This week at London's Indigo 02, hundreds of youth organisations, celebrities and individuals from across the country came together to celebrate young peoples achievements at the fifth annual V Inspired Awards.
Awards shows are tough to put on when they include celebs, youth and paparazzi but V Inspired made it look easy. Their red carpet (which was lilac) was heaving with happy, excited faces all vocalising their personal stories to the press. The auditorium was calm and glamorous, the running order and staging were slick and professional and KISSFM presenters AJ and Neev hosted as professionally as Ant and Dec on a good day!
21 Young people from all over the country were nominated for achieving amazing things by volunteering, and after a sumptuous dinner and drinks, winners prizes are awarded to those most outstanding at the top of their game.
Judges included ITV newsreader Charlene White and the event sponsors RBS. Celebs in the house included Louie Spence, singers Misha B and Delilah, a TOWIE cast member, actress Preeya Kalidas, up and coming girl band Neon Jungle, new music act Elyar Fox and chart star Pixie Lott who brought the house down with her final set.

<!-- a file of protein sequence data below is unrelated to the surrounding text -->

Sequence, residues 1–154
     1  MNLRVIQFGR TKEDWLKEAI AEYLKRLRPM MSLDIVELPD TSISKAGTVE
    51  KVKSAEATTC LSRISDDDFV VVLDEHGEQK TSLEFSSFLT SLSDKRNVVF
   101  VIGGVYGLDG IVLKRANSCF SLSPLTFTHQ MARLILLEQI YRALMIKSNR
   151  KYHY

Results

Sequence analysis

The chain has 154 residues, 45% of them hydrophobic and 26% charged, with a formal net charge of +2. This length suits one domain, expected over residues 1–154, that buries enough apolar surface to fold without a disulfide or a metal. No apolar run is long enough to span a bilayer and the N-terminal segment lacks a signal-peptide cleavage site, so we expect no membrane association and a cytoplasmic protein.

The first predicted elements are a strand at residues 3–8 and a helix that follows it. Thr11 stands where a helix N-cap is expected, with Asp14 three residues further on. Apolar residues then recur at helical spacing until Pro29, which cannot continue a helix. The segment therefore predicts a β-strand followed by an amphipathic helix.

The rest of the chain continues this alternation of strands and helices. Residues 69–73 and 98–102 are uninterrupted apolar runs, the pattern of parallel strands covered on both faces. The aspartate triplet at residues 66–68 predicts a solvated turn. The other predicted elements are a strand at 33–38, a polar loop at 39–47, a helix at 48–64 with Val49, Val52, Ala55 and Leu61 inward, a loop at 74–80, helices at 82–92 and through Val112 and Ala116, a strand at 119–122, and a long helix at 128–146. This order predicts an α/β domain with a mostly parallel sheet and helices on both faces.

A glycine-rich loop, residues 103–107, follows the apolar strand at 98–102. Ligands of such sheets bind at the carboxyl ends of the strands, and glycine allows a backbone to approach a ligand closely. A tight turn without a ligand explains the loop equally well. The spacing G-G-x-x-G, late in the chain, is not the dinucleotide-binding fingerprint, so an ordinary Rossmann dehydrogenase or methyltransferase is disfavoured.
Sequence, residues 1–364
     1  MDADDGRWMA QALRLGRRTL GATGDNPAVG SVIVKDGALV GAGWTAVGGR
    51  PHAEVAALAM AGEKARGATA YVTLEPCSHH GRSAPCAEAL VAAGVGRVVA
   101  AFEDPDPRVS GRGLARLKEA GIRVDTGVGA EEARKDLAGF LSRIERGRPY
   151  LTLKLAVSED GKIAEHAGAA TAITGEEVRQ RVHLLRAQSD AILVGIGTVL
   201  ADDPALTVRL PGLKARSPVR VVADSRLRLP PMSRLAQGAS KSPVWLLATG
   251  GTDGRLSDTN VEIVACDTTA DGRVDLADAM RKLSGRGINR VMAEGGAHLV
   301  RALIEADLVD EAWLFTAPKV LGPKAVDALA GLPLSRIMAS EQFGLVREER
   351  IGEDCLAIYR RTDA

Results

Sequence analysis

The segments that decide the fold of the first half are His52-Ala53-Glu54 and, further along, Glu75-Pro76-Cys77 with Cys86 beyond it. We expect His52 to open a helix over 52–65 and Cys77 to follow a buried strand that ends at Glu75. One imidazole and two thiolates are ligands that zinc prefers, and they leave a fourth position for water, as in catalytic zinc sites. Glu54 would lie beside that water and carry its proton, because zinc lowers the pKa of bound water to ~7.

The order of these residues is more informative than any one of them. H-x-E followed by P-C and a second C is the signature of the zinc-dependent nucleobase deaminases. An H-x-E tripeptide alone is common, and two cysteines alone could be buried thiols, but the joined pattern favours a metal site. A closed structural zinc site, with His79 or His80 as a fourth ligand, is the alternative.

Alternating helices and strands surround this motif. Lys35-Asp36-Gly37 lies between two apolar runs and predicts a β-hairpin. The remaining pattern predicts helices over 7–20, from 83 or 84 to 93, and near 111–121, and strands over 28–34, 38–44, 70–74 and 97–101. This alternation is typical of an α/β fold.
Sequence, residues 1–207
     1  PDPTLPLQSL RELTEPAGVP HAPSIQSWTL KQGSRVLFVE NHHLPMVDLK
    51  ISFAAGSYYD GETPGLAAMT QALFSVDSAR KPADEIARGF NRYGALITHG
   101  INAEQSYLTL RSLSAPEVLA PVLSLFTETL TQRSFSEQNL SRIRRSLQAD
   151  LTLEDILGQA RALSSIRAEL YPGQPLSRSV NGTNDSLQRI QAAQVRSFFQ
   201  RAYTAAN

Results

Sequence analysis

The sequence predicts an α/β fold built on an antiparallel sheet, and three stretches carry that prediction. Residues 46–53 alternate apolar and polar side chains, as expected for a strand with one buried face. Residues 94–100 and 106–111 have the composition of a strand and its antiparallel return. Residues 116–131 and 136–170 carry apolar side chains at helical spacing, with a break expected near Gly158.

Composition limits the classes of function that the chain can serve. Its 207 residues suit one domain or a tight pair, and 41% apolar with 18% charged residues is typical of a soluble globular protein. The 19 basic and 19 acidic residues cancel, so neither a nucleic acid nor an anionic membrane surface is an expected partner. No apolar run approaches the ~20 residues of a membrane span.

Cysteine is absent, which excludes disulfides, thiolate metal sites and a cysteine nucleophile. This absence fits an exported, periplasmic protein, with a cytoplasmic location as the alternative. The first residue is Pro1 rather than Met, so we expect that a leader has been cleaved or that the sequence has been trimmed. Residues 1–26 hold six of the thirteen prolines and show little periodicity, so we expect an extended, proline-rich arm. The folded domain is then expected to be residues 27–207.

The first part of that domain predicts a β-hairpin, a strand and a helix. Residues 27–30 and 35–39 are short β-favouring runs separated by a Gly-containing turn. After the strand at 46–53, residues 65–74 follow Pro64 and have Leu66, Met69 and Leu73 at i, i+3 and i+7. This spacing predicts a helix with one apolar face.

Hearing some of the stories was mind blowing.
Katie Llewellyn-Cripps (RBS), Stephen Sutton (winner, overall commitment to volunteering), Pixie Lott
Pic courtesy Paul Clark
We heard about 20 year old Stephen Sutton from Burntwood in the West Midlands, who won 'All round commitment to volunteering'' after he raised £567,000 for the Teenage Cancer Trust since January 2013 after he was diagnosed with incurable cancer. He's organised sky dives and 'Come dine with me nights' and credits volunteering with keeping him, his family and friends positive and focused through his treatment.